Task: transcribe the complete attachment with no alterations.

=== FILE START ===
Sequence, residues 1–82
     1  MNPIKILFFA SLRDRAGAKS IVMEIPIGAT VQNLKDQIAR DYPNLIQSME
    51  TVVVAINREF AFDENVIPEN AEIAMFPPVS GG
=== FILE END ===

Sequence, residues 1–82
     1  MNPIKILFFA SLRDRAGAKS IVMEIPIGAT VQNLKDQIAR DYPNLIQSME
    51  TVVVAINREF AFDENVIPEN AEIAMFPPVS GG